The fiasco that was the Samsung Galaxy Note 7 did leave a gaping scar on the South Korean. It was that big of a deal, apparently: the forgettable experience left Samsung with no choice but to stop the production of the Smartphone. But was it the right decision? Or did Samsung acted on impulse to try to stop the whole issue from catching fire big enough to rattle their cage?
As reported by Android Authority via a Wall Street Journal post, Samsung went in too fast in an attempt to restrain (and obviously clear their name) a rather fiery predicament. It pointed that the cause of the exploding Galaxy Note 7 was its defective battery ironically produced by Samsung SDI. As a result, Samsung made a hasty "assumption" that "protrusions" in the battery was the culprit.
In line with their instant hypothesis, Samsung went to give a green light and produced 2.5million Galaxy Note 7s as replacement units. This time, however, they opted to with a different battery supplier. Unfortunately, it got the same results: Samsung had no other recourse but to formally cease the Note 7.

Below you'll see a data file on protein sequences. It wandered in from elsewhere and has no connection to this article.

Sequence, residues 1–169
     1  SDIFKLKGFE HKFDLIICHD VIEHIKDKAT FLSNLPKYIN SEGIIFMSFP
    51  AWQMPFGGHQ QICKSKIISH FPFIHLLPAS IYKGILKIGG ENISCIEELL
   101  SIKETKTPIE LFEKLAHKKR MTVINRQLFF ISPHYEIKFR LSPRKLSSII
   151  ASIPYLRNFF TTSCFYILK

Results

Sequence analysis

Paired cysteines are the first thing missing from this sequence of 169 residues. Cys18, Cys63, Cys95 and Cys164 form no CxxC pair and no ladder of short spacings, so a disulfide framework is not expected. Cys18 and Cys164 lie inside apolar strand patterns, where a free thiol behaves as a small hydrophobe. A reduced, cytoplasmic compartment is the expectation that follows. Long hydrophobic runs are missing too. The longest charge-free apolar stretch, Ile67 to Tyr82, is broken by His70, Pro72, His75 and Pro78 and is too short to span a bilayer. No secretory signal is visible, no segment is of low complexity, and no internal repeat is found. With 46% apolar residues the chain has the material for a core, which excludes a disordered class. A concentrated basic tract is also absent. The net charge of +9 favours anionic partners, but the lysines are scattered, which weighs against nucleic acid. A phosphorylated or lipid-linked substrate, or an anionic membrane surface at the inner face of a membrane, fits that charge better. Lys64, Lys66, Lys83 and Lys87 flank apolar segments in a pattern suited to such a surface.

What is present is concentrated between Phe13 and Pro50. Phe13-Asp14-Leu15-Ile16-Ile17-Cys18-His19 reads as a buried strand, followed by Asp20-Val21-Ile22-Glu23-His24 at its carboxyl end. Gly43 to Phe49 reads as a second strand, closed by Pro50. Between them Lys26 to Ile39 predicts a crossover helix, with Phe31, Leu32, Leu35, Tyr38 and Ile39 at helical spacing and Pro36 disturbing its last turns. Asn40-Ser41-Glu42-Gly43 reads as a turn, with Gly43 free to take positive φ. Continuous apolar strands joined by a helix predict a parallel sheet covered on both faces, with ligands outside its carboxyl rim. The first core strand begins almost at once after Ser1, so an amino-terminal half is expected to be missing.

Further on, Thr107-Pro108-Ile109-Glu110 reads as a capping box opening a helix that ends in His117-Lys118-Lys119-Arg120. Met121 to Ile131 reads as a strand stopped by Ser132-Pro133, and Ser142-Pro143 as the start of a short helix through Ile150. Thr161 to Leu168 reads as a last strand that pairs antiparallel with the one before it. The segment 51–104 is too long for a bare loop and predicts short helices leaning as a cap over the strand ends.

One of Samsung's "Fatal Mistake", according to Wall Street Journal, was launching its own recall. It bypassed the US Consumer Product Safety Commission's "formal process" of investigation. Again, this out of the blue decision may have restricted the Commission in finding out the real cause of the problem - a waterloo that Samsung has failed to answer in the weeks that followed.
Engadget meanwhile reported that the recall will also have an effect on the Samsung Galaxy S8. It said that the production of the next flagship "has delayed work by two weeks", and it will take a toll on the device's potential launch date. Samsung will be part of the Mobile World Congress next year, and they are rumored to announce a new line of Galaxy S handhelds. Considering the current effects, it wouldn't be a surprise if Samsung will have to unveil the Galaxy S8 on a later date since they are "committed to finding the root cause" of the exploding battery.
The recall aftershock also tendered Samsung to "effectively offer" South Korea with a 50% discount on the upcoming Galaxy Note 8 and Galaxy S8. To avail of the discount, Galaxy Note 7 users must upgrade to their devices to the Galaxy S7 or S7 Edge. This will also stop them from switching to other brands by offering a slot in their Galaxy Upgrade program.
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